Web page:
Cheryl Grady

Geriatric Psychiatry
3560 Bathurst St, Rotman Research Institute, Toronto, Ontario Canada M6A 2E1
Appointment Status

Dr. Grady received her graduate training in experimental psychology at Boston University. She then went to the Laboratory of Neuroscience at the National Institute on Aging in Bethesda, Maryland, as a research psychologist and Chief of the PET Unit, where she stayed until 1996. In 1996 she moved to Toronto to take up her current position at the Rotman Research Institute at Baycrest. Dr. Grady currently is a senior scientist at the Rotman Research Institute, and was the Assistant Director of the Institute from 2004 to 2010. She is a Professor in the departments of Psychiatry and Psychology at the University of Toronto, and holds a Tier 1 Canada Research Chair in Neurocognitive Aging. In 2001 she was awarded the Justine and Yves Sergent Award for Women in Neuroscience, and in 2010 was the recipient of the Donald Stuss Award for Research Excellence. Her work has been consistently funded by the Canadian Institutes of Health Research, and she currently holds a CIHR Foundation Grant awarded in 2015. Dr. Grady is an external advisor for several research groups in the US, is an Associate Editor for Human Brain Mapping, and has served as Scientific Officer for the Behavioural Sciences C (BSC) review committee for CIHR.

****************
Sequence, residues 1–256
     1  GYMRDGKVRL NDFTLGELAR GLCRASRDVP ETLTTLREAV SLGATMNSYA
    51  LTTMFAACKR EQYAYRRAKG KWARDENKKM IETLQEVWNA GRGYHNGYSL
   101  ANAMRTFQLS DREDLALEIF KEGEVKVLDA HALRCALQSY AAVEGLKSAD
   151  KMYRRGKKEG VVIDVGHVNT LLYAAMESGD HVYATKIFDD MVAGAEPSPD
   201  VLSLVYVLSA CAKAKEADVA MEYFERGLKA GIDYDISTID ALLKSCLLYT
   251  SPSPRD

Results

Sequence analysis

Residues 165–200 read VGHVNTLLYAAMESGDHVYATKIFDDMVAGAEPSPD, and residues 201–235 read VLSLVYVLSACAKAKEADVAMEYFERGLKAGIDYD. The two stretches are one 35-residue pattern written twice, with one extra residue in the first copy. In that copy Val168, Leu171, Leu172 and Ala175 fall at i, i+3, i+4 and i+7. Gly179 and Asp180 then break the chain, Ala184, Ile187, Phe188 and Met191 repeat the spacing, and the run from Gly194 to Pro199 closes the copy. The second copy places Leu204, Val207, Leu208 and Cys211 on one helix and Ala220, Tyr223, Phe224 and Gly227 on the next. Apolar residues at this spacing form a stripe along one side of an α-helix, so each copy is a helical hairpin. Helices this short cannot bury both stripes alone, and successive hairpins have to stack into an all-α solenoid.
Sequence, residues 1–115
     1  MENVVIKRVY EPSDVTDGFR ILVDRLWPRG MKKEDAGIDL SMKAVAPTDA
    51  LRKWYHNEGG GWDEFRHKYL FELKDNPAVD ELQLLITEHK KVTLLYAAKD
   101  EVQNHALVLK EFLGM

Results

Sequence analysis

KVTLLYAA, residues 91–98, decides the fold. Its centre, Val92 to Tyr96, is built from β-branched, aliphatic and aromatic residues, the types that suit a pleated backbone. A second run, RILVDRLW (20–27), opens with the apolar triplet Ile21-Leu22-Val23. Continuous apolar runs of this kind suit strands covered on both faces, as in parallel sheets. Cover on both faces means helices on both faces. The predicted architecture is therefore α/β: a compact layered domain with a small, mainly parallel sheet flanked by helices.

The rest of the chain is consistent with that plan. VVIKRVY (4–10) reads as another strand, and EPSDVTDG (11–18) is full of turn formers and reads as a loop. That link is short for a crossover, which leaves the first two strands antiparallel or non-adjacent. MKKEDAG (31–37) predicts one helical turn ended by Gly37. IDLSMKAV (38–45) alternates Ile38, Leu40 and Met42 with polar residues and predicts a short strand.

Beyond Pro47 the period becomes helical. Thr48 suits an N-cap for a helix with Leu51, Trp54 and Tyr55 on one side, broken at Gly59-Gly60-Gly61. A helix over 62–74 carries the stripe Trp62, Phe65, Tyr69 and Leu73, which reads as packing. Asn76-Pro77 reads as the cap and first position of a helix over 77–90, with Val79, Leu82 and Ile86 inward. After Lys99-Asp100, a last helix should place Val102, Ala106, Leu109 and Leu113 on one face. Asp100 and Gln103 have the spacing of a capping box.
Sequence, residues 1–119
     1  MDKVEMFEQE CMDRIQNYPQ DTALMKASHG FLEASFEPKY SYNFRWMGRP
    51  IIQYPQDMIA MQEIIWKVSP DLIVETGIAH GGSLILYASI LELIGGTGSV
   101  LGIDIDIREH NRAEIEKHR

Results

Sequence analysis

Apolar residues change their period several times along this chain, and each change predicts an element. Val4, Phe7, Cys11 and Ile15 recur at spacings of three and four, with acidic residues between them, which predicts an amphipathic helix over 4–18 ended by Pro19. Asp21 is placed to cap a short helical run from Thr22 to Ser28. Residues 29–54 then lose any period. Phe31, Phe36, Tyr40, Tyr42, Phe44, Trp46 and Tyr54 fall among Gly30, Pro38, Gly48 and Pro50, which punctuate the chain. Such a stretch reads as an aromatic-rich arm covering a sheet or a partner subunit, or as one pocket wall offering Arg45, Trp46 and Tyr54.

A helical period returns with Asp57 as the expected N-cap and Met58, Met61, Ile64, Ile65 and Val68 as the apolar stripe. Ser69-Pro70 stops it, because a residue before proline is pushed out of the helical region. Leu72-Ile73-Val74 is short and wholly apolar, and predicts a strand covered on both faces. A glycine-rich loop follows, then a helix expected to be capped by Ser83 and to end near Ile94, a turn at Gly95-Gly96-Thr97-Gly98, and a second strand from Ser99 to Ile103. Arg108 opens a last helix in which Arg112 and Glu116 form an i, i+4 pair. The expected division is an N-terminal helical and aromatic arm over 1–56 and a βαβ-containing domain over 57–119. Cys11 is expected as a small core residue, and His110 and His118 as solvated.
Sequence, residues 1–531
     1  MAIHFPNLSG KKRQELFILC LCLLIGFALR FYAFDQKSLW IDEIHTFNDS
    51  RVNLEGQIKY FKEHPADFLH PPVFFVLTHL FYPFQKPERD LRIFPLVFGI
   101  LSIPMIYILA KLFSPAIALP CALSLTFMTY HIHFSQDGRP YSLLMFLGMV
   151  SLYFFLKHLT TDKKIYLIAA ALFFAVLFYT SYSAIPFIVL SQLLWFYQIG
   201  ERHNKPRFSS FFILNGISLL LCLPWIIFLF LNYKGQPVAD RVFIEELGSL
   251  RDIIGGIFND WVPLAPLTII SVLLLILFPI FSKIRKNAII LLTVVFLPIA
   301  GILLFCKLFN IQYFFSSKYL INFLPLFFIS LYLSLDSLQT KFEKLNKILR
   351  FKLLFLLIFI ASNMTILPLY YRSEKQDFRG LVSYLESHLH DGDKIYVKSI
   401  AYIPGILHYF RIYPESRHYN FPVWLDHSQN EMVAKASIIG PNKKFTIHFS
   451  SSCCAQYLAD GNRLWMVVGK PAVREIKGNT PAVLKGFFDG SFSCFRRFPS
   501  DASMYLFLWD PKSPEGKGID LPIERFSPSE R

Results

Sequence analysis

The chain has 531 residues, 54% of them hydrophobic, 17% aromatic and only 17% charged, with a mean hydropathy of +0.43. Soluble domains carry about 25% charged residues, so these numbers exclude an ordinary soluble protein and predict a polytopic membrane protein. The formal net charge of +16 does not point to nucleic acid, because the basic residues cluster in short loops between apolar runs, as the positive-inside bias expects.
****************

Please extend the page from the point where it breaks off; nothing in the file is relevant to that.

Research Synopsis

Dr. Grady’s research uses functional and structural neuroimaging techniques to study cognitive aging. The work aims to determine how the functional connectivity of various brain networks mediates cognition and how this connectivity is modified by age. Her recent work has shown that age differences in connectivity of the fronto-parietal control network influence connectivity in other networks, and that stronger inter-network connectivity of this network during encoding is beneficial for memory performance in older adults. Other work has shown lifespan differences in the relation between brain network connectivity and cognitive control, and that these differences are relevant for adaptive function in everyday life. Additional research projects involve assessing brain signal variability in relation to aging and cognitive performance, and using predictive modeling to identify patterns of brain activity linked to successful vs. unsuccessful memory retrieval in young and older adults.